Iron Man

The lavishly illustrated Iron Man: The Cinema of Shinya Tsukamoto not only examines the maverick director’s films, but his formative years, fighting with his little brother (who he would eventually shove into a boxing ring in Tokyo Fist), watching anime and Gamera movies. A life of salaried drudgery beckons, until Tsukamoto strikes it lucky with an ultra-violent tale of metallic possession – Tetsuo.

In a sea of lacklustre, lazy books about Japanese cinema, compilations of press-notes and gee-whiz gross-outs, Tom Mes is a welcome beacon of sanity. He provocatively argues that Tsukamoto is one of Japan’s truly original film-makers, with movies like Bullet Ballet, Gemini and Snake of June transcending lesser directors’ shocks for shocks’ sake.

Mes’s last book, on Takashi Miike, was obliged to cover a pathologically prolific output. Tsukamoto has a smaller canon of just eight films, including the work-for-hire Hiruko the Goblin, about which not even the optimistic Mes can find much good to say. But exhaustive is as exhaustive does, and Mes dutifully files Tsukamoto’s entire oeuvre, from teenage shorts to acting cameos in others’ movies.

Mes reveals the careers of the films themselves, showing not merely how they were made but how they were sold. Tetsuo’s success in particular was a product of its time, accidentally hitting the tail end of cyberpunk and body-horror. Mes helpfully outlines both phenomena, as well as the biggest catalyst of all, Katsuhiro Otomo’s Akira, with which Tetsuo shared a UK distributor.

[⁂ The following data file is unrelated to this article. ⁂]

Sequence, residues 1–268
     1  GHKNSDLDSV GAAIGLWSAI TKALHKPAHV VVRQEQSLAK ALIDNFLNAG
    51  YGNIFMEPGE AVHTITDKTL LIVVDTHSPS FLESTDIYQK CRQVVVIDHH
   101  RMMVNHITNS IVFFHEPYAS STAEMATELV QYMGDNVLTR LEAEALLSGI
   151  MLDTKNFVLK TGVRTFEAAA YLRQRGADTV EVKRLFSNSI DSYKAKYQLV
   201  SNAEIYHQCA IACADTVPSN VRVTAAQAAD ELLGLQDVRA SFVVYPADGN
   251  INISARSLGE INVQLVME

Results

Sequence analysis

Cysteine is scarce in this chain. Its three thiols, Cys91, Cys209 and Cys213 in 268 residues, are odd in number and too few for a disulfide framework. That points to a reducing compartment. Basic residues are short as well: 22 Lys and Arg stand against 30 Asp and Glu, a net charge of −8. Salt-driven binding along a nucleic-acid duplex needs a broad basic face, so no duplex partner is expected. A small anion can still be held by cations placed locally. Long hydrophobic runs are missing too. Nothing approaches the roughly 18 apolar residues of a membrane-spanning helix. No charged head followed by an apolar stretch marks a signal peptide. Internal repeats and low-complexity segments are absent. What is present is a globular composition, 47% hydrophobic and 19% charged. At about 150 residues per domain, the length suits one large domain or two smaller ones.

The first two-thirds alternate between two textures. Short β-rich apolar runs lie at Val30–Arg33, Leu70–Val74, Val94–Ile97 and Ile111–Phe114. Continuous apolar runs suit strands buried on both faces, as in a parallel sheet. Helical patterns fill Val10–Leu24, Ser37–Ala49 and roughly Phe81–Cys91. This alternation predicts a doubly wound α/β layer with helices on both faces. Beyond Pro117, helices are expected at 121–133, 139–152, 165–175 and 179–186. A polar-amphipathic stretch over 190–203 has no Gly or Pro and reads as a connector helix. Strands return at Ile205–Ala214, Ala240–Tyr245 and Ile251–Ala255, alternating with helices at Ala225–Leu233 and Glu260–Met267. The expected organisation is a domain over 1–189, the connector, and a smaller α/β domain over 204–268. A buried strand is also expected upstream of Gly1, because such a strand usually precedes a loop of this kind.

Where most writers would simply reel off festival awards like merit badges, Mes gets into the nitty-gritty of who was on the juries. Consequently, we get to see Tsukamoto winning over The Piano’s Jane Campion with an impassioned defence of movie violence; if that’s not body-horror, I don’t know what is. Mes affords us a rare glimpse of the politics that go on behind the scenes, both in the heart-rendingly Faustian pacts made over funding, and the schmoozing that gets a movie in front of foreign buyers at festivals. A respectful, honest account that will make Tsukamoto the envy of every other Japanese director… except Takashi Miike who already has a Mes to his name, and Akira Kurosawa, who’s dead.

(This article originally appeared in Neo #9 2005)

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